The essence of these bids transcends the actions themselves, which can vary greatly in form and significance from one individual to another. For some, receiving a hug before going to work in the morning embodies a gesture of love and connection; for others, it may hold little value. The critical factor lies not in the specific bid but in the underlying message it conveys. When one spouse communicates what makes them feel loved and the other chooses to ignore it, especially when it involves something as simple as a hug, it sends a clear signal of indifference.

This rejection, particularly over seemingly minor requests, raises questions about your commitment to nurturing the relationship. It's not about the action itself but about what it represents: an opportunity to make your spouse feel valued and loved with minimal effort. Ignoring such opportunities can lead to feelings of neglect and undervaluation, sowing the seeds of discontent and, ultimately, separation.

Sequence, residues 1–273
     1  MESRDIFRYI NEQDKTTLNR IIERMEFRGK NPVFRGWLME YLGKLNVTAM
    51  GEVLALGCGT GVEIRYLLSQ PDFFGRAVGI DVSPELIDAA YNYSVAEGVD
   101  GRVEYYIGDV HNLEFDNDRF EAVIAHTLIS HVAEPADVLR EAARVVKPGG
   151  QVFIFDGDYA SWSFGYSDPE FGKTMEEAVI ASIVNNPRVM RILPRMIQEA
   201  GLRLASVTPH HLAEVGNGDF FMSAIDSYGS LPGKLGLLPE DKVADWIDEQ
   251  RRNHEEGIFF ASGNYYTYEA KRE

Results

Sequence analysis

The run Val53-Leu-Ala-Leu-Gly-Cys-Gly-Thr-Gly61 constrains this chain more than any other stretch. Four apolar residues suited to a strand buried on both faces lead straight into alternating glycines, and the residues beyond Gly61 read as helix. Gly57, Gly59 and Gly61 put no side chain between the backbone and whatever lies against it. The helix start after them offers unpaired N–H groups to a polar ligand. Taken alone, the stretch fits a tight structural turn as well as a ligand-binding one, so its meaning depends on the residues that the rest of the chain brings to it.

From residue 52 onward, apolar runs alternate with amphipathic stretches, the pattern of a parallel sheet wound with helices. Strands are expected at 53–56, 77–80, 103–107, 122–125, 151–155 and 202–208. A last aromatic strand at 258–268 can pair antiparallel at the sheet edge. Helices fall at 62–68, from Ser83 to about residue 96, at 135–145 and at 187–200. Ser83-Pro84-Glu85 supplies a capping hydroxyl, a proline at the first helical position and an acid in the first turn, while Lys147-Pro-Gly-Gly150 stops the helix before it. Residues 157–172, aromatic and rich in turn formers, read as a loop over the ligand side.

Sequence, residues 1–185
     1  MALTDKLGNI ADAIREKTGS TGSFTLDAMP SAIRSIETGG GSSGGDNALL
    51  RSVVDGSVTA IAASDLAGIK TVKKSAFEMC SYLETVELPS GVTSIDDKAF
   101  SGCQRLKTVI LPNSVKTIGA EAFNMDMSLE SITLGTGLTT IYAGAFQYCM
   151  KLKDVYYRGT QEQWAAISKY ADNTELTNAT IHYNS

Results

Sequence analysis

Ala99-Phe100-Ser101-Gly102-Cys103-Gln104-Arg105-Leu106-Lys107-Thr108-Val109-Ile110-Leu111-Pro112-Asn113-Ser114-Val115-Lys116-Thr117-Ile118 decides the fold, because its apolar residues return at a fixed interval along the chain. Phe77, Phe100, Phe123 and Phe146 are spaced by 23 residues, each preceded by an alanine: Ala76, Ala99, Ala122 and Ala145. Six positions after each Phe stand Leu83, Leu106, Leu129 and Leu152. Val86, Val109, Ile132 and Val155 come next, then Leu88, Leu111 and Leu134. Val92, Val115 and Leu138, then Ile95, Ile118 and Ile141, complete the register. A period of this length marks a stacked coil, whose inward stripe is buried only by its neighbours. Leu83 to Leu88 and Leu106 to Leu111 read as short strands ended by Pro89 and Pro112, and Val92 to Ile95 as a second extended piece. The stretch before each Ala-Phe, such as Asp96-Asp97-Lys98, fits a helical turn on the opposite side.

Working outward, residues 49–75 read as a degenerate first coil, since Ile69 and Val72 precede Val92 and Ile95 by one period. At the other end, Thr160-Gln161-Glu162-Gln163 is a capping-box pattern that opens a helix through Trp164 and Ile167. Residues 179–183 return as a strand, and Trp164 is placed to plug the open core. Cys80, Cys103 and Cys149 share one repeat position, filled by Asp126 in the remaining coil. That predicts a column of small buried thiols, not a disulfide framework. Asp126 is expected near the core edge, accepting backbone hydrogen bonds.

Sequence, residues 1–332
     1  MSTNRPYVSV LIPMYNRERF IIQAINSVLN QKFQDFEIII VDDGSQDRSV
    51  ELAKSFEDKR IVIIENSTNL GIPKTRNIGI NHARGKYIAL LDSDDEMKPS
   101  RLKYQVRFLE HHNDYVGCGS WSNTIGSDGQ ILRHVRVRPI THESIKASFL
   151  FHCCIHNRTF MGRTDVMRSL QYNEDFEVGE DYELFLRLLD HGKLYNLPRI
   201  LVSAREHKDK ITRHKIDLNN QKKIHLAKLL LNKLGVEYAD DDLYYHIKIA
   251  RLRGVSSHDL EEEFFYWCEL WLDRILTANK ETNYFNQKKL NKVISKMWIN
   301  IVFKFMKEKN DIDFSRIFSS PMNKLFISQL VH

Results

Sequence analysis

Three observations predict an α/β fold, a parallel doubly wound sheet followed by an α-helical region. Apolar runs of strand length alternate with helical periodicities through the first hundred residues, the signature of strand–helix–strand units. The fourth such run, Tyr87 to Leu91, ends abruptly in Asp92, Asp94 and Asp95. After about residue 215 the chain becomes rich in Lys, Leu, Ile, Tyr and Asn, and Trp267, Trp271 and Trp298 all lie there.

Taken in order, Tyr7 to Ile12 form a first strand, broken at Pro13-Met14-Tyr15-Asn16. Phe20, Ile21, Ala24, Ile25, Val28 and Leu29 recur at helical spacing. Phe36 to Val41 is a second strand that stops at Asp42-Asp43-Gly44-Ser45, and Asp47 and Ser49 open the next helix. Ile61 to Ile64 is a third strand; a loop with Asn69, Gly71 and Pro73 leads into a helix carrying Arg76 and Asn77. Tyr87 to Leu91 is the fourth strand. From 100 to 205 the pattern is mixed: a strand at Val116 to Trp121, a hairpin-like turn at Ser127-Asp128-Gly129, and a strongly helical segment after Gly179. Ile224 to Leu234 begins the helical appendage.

Furthermore, Gottman's insights shed light on a broader societal misconception that regards such bids as trivial or unreasonable. This perspective often correlates with a lack of interest in sustaining long-term relationships and a misunderstanding of the fundamental dynamics that underpin them. The truth is acknowledging and responding to these bids is a critical component of a loving relationship. It signifies a spouse’s willingness to invest in the relationship's happiness and stability.

Interestingly, Gottman's findings also touch upon gender dynamics within relationships. Men, in particular, are often portrayed as being less in tune with their spouse’s emotional needs. However, the ability – or lack thereof – to respond to bids for affection doesn’t stem from a lack of desire but rather from varying levels of emotional intelligence and commitment. Relationships where men actively participate in and fulfill these bids are often marked by deeper emotional connections and satisfaction.

Bids are not about the action itself but about what they represent: an opportunity to make your spouse feel valued and loved with minimal effort.

Gottman's research ultimately serves as a reminder of the power of small gestures in strengthening bonds. It emphasizes the importance of mutual understanding, respect, and effort in nurturing a healthy relationship. Couples who master the art of bid exchange enjoy a more fulfilling partnership, underscoring the fact that in love, sometimes, it's the little things that count the most.